Learning From Others’ Mistakes - Or, Why You Should Visit the MakerBot Store in Manhattan
MakerBot is an exciting company, but it’s a bit premature to be building a monument to their own success. I expected to walk into a store ready to inspire me about the potential of 3D printing, and instead, I walked out disappointed.
Let me explain.
Every product comes with implicit promises. Promises both rational (ROI) and irrational (emotional impulses). To deliver a great retail experience, a store environment needs to engage customers - not turn them away. Instead of creating an environment that educates and engages customers, the MakerBot store felt like a museum store. A museum store complete with wall signage portraying items from MakerBot printers as art, with $20-40 price tags to match. But not just a museum store, but a store that promised a perfect product that is currently far from perfect.
I’ve used the MakerBot (including the Replicator 2) on five different occasions. Startups (for good reason) love playing with it, and several use it for internal prototyping. In fact, I was inspired to visit the store about a week ago in Manhattan because I had just used a MakerBot printer at a startup based in Boston the day before.
The problem is, the product doesn’t work as advertised in the store. Given the state of today’s art, the MakerBot Replicator 2 represents an impressive accomplishment - but the items that come out of the printer are a far cry from the polished items you see for sale in the store. Anyone who buys a printer and expects the results you see in the store - without the series of post-production steps that are required to get to the resulting items you see in the store - is going to be sorely disappointed.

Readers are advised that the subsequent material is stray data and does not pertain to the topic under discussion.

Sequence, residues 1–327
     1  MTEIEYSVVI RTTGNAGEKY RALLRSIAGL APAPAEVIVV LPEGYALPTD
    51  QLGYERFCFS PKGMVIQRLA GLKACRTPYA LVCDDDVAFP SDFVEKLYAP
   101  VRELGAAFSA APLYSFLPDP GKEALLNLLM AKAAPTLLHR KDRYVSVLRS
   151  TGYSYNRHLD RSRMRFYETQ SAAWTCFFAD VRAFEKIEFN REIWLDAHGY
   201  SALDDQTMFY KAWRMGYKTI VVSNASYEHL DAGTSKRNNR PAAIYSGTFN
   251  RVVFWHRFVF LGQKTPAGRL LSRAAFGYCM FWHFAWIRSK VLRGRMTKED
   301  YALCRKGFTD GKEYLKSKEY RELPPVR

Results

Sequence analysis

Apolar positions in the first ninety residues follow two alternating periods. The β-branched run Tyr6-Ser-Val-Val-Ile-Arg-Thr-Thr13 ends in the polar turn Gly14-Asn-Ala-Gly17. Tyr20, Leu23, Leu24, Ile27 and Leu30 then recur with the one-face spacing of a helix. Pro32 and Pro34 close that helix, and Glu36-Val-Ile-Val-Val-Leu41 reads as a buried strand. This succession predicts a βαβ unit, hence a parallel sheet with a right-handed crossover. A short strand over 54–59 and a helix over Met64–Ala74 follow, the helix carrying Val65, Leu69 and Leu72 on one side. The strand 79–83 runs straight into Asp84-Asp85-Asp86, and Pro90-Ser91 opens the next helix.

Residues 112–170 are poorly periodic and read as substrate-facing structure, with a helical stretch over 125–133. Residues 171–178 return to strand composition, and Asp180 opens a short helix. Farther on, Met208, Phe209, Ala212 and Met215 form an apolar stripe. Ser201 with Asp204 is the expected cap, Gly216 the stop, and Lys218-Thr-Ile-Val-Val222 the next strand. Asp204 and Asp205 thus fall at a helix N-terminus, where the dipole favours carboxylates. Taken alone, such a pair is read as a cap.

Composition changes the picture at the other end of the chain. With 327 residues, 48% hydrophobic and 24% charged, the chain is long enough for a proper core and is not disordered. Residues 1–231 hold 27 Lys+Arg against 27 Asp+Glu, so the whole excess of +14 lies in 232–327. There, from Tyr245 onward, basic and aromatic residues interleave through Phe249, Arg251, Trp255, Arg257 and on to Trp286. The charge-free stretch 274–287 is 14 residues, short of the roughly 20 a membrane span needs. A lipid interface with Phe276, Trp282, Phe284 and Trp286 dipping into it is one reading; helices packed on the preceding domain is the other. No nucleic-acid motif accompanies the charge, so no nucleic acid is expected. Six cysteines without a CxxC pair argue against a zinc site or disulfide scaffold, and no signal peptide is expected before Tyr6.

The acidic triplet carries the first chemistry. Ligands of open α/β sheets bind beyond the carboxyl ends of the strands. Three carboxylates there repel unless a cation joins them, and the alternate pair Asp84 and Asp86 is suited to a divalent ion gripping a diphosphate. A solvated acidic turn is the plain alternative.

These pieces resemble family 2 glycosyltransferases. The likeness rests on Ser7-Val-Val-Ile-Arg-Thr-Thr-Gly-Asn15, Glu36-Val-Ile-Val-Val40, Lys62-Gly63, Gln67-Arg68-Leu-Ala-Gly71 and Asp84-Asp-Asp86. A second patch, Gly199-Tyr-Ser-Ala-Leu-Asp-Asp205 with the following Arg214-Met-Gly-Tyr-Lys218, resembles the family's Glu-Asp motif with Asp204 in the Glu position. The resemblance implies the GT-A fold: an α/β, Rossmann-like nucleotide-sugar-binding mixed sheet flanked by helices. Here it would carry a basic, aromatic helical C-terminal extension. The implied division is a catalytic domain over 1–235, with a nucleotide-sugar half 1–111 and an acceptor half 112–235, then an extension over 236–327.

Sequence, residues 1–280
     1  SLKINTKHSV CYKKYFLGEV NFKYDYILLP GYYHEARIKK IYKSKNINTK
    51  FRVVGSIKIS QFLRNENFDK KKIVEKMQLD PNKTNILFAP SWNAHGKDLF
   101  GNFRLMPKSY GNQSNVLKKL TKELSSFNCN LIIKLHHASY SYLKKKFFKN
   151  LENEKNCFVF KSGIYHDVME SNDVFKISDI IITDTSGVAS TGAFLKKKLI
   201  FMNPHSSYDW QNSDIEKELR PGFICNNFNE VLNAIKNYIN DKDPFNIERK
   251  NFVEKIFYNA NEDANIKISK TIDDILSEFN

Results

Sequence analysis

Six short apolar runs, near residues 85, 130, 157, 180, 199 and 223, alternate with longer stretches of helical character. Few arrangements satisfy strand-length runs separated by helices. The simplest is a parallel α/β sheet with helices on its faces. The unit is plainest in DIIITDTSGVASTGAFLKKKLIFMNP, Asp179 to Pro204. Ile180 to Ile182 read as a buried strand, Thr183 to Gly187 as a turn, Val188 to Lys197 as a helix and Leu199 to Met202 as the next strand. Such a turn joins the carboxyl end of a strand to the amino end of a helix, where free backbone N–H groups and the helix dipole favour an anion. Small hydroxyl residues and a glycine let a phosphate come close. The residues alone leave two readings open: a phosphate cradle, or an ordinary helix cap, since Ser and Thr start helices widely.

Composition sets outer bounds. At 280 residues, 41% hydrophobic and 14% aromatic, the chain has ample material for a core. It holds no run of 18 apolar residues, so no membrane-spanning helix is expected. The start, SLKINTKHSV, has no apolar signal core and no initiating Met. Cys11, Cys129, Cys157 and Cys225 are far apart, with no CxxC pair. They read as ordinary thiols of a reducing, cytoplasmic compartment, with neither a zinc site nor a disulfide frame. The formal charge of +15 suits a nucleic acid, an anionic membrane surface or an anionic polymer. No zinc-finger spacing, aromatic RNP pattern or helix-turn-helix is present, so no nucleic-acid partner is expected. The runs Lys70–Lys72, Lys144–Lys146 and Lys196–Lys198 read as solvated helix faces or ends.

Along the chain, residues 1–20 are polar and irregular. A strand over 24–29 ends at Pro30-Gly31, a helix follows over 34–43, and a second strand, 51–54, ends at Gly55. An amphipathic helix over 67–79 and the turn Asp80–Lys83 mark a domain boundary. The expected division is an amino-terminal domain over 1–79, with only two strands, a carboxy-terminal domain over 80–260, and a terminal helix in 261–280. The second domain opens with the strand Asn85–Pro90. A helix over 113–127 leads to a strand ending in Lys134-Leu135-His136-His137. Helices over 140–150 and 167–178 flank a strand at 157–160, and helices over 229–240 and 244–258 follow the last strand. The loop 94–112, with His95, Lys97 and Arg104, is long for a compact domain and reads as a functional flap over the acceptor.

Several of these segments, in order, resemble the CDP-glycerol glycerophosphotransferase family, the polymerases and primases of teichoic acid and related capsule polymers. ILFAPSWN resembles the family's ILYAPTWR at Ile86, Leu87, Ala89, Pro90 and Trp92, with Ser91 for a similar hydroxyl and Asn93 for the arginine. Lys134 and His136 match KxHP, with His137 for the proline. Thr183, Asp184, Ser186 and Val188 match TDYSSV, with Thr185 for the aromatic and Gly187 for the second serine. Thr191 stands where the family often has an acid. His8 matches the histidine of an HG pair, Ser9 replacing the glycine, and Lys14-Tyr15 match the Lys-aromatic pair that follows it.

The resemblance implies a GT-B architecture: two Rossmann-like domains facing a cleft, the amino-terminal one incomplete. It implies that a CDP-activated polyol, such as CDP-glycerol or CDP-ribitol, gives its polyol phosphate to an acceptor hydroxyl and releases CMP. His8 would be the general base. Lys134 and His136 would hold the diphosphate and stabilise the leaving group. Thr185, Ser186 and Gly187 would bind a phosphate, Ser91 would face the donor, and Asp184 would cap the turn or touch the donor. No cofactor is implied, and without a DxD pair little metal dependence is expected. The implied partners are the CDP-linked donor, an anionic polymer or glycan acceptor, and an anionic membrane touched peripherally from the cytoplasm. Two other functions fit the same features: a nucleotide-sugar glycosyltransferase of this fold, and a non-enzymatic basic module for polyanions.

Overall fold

I walked into the store ready to buy. As I looked at one of the boxed, ready-to-sell Replicator 2 printers, a salesman walked up to me. Awesome! He was friendly and engaging. Even more awesome! I asked if I could have it shipped to me. He said yes! And then he said something that you would never, ever hear in an Apple store … “Did you see the new printer we just announced at CES?” I said that no, I hadn’t. He said that I might want to wait for it - it’s awesome! How long until I can get it? Two or three months was the answer. What’s great about it? It can print from two spools, in multiple colors at once.
But what came next from the salesman shocked me. “But the new printer doesn’t really work that well … you need to be an advanced user to make it work.” Wow, I thought to myself. Do I have what it takes to be a $2,000 MakerBot owner?
Then it hit me. The whole message of the store was: “See how great we are!” When the message should be “…you can and should join us in the MakerBot revolution.”
I don’t think the MakerBot founders realize they’re sending this message. I’ve met them in the past. They’re great guys. And the product is truly groundbreaking. The problem here is that the retail environment sends the wrong messages. Yes, it’s a good idea to give people a chance to experience the product. But when you go to the effort of building a store, make sure that it delivers on your objectives. Actually make it easier to experience the product, rather than look at items under glass. Don’t throw subliminal challenges at your customers - engage them! Embrace them! And give them every reason to buy what’s on your shelf, not walk out empty-handed and confused.